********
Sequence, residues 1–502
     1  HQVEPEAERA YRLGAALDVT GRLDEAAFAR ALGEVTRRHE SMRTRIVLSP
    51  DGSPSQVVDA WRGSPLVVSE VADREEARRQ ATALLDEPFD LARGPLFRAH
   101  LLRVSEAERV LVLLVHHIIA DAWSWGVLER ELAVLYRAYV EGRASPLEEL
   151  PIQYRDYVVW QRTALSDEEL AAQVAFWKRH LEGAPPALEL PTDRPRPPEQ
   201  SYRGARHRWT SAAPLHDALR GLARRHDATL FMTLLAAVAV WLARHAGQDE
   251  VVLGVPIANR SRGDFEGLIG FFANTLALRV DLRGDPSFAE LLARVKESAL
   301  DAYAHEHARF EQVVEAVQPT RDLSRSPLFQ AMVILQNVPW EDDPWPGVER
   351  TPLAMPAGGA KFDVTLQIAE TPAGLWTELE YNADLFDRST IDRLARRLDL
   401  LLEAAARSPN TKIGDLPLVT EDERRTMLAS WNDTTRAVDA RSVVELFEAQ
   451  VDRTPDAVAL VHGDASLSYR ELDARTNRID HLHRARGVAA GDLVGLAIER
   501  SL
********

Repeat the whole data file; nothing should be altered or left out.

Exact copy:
Sequence, residues 1–502
     1  HQVEPEAERA YRLGAALDVT GRLDEAAFAR ALGEVTRRHE SMRTRIVLSP
    51  DGSPSQVVDA WRGSPLVVSE VADREEARRQ ATALLDEPFD LARGPLFRAH
   101  LLRVSEAERV LVLLVHHIIA DAWSWGVLER ELAVLYRAYV EGRASPLEEL
   151  PIQYRDYVVW QRTALSDEEL AAQVAFWKRH LEGAPPALEL PTDRPRPPEQ
   201  SYRGARHRWT SAAPLHDALR GLARRHDATL FMTLLAAVAV WLARHAGQDE
   251  VVLGVPIANR SRGDFEGLIG FFANTLALRV DLRGDPSFAE LLARVKESAL
   301  DAYAHEHARF EQVVEAVQPT RDLSRSPLFQ AMVILQNVPW EDDPWPGVER
   351  TPLAMPAGGA KFDVTLQIAE TPAGLWTELE YNADLFDRST IDRLARRLDL
   401  LLEAAARSPN TKIGDLPLVT EDERRTMLAS WNDTTRAVDA RSVVELFEAQ
   451  VDRTPDAVAL VHGDASLSYR ELDARTNRID HLHRARGVAA GDLVGLAIER
   501  SL